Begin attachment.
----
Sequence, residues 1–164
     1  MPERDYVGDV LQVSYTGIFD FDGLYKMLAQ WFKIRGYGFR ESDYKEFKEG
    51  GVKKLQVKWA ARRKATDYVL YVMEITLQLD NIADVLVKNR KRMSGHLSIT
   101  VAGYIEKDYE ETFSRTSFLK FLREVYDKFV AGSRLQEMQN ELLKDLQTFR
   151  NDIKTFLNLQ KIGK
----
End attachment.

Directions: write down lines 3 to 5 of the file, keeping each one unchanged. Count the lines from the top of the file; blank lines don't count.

    51  GVKKLQVKWA ARRKATDYVL YVMEITLQLD NIADVLVKNR KRMSGHLSIT
   101  VAGYIEKDYE ETFSRTSFLK FLREVYDKFV AGSRLQEMQN ELLKDLQTFR
   151  NDIKTFLNLQ KIGK